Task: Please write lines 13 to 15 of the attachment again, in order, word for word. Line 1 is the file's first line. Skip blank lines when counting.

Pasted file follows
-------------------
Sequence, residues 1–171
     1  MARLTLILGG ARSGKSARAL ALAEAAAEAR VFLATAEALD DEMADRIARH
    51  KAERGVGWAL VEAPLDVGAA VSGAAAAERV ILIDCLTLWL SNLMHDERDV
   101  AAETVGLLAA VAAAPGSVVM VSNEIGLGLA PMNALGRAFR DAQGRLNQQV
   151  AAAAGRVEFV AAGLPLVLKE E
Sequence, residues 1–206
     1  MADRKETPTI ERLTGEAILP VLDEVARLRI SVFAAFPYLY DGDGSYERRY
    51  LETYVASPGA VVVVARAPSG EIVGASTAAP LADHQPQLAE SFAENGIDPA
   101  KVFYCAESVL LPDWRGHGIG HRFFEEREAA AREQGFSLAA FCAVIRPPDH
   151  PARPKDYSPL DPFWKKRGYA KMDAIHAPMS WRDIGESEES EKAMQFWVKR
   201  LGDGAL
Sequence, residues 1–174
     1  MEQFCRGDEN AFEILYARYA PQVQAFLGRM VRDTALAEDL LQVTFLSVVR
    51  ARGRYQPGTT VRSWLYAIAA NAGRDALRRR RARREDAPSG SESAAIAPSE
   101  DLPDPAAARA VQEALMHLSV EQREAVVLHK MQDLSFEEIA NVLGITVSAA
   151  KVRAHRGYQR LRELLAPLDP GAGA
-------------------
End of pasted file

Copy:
     1  MEQFCRGDEN AFEILYARYA PQVQAFLGRM VRDTALAEDL LQVTFLSVVR
    51  ARGRYQPGTT VRSWLYAIAA NAGRDALRRR RARREDAPSG SESAAIAPSE
   101  DLPDPAAARA VQEALMHLSV EQREAVVLHK MQDLSFEEIA NVLGITVSAA